Five simple steps to Negotiation

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It’s nearly that time, the time of entering the big bad world of work and as it draws upon me I need to take charge of my future and be prepared for upcoming job interviews. The sheer thought frightens me, as I know I can often be too polite and obliging, when really I should learn to speak up for myself more, however, I also recognise that in order to  secure my dream job I have to be calm, confident and learn the important tool of negotiation.

‘Negotiation is an interpersonal decision-making process necessary whenever we cannot achieve our objective single-handedly.’

Thompson (2005 p.2)

 

Now, I’m not saying it will be easy, but by following Robbins (2005) five step process it helps to break down the different stages of negotiation, so you can tick each one off as you go through the process and hopefully get that bit closer to securing your dream job.

The Negotiation Process

1.       Preparation and Planning

2.       Definition of ground rules

3.       Clarification and justification

4.       Bargaining and problem solving

5.       Closure and implementation

Robbins (2005)

 

The first and most crucial step is ‘Preparation and Planning.REMEMEBER: failing to prepare is preparing to fail! Before you attend the interview you need to work out precisely what you want to achieve, what your objectives are for the interview – perhaps you could create a checklist of your preferred needs such as salary package or working hours.

To help with such preferences this is when you’re BATNA best alternative to a negotiated agreement’ comes in to play. It’s all about compromise, you can’t just demand the employer satisfies all of your needs and requests; you need to propose an offer that is also within their BATNA so both can feel content.

You need to then define your ‘Ground Rules’ so both parties can exchange and discuss initial proposals, this helps to shape the role you may be offered in the company.. The next step is ‘Clarification and Justification’. Remember, there are potentially hundreds of applicants fighting for this job so what makes you different? Justify WHY YOU? Prove to them why they NEED to employ you. Explain your skills and mention relevant work experience or contacts that demonstrate why YOU are the best person for this role.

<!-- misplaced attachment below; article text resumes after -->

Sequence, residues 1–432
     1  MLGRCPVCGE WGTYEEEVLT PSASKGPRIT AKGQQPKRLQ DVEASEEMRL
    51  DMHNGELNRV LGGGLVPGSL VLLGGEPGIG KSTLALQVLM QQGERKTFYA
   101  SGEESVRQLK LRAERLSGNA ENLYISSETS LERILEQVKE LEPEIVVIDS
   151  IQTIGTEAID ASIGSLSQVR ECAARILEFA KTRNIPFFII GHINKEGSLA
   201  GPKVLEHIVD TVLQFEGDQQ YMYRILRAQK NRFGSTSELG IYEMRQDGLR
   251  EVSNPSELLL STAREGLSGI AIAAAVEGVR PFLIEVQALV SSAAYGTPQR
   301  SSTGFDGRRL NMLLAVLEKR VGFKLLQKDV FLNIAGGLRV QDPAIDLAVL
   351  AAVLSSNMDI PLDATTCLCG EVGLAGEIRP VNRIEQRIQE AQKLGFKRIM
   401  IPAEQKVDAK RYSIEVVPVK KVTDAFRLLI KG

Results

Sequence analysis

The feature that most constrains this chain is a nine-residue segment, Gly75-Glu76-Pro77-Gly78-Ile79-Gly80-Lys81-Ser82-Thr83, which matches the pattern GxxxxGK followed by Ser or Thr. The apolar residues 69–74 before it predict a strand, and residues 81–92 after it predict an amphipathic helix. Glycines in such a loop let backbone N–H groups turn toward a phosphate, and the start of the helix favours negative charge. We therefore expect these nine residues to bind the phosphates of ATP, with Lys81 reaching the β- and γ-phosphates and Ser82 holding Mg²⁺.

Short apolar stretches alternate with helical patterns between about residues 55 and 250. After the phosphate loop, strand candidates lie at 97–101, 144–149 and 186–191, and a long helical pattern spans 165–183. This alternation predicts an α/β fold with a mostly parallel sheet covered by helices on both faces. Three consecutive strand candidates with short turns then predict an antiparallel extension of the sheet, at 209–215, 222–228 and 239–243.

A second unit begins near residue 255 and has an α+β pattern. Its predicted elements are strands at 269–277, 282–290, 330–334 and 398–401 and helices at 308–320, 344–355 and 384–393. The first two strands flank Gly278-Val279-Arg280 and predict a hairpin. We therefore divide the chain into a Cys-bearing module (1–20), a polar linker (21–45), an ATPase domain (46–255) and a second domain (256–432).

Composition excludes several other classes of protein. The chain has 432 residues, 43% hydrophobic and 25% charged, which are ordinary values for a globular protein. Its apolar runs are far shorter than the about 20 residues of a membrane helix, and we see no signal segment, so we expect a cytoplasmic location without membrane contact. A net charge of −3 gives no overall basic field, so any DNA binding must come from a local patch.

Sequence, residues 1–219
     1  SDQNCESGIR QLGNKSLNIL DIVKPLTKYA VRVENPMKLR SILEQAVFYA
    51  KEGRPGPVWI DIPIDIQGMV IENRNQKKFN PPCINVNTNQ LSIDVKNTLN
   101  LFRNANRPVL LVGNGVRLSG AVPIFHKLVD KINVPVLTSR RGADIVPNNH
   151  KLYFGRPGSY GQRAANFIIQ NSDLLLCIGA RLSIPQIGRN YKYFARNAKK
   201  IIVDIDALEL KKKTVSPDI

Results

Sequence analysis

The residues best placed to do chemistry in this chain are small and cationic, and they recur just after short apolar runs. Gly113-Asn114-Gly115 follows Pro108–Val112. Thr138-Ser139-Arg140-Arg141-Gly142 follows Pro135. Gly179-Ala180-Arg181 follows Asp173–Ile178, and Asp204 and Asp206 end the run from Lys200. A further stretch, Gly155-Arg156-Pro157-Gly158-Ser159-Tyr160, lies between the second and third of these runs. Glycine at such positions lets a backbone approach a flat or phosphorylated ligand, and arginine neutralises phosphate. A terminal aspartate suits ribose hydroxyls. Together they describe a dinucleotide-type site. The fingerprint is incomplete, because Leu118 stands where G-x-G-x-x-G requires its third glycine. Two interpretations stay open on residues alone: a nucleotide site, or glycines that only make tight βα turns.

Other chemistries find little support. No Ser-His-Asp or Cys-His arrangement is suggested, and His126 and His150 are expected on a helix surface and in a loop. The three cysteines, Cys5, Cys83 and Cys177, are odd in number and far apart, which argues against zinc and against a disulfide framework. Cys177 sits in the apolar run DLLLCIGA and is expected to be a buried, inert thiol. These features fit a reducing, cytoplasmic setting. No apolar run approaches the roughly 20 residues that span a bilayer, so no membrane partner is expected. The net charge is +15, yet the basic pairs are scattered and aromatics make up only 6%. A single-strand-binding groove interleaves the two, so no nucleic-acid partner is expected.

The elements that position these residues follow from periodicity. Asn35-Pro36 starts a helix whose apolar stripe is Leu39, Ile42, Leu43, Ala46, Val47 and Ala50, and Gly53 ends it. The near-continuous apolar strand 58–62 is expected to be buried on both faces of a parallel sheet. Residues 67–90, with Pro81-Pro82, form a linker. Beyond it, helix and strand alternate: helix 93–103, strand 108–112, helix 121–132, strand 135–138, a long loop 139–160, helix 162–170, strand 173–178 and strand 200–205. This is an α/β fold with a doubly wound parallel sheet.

Next on the checklist is., ‘ Bargaining and Problem Solving.’ This step is the ‘give and take.’ If you are offered a lower salary than you expected, but it is a job which has future prospects and you know you will enjoy working there, then negotiation is the key. If you accept the job you can always ask for a salary review in the upcoming year and prove to them why you have earned the right to a higher wage.

And finally, ‘Closure and Implementation.’  In other words the formalizing of the agreement. Once you have accepted the job offer ensure the essential negotiations agreed are written in a formal contract.

 Now you can RELAX. it’s simple really, be confident and be clear on your needs beforehand. . Negotiation is a vital skill to help you develop your future, so enjoy it and achieve the best possible outcome for yourself and your employer.

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 Do you think you can do it? Has negotiation ever worked for you in a certain situation?

Breaking and Entering- The big debate

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No one can guess their reaction to waking up in the middle of the night and being confronted by an intruder in their home. The sheer panic and terror of protecting your family safely, verses the anger towards this stranger who has the audacity to break into your home will no doubt have emotions running high.

David Cameron has branded burglary a ‘crime of violence’ and recently stated,

 “When that burglar crosses your threshold, invades your home, threatens your family, they give up their rights.”

However, if both parties believe they have certain rights conflict will occur. How do you deal with conflict when it is unexpected and in a state of panic?

1. Competing/forcing – get your way

(Assertive and un co-operative)

2. Avoiding – avoid having to deal with conflict

(Unassertive and un co-operative)

3.Compromising – reach an agreement quickly

(Mid-range on both dimensions)

4.Accommodating – not upsetting the other person

(Unassertive and co-operative)

5.Collaborating – solve the problem together

(assertive and co-operative)

Thomas K (1976)

Personally, I believe if anyone could commit such a serious crime of breaking into a house whilst a family is in residence, they deserve to be punished by the law and by the homeowner. My own house was broken into and although I wasn’t there when it happened, the sheer terror at every noise and checking every window and door is locked will never leave you. Your feeling of safety and protection in your own home is shattered.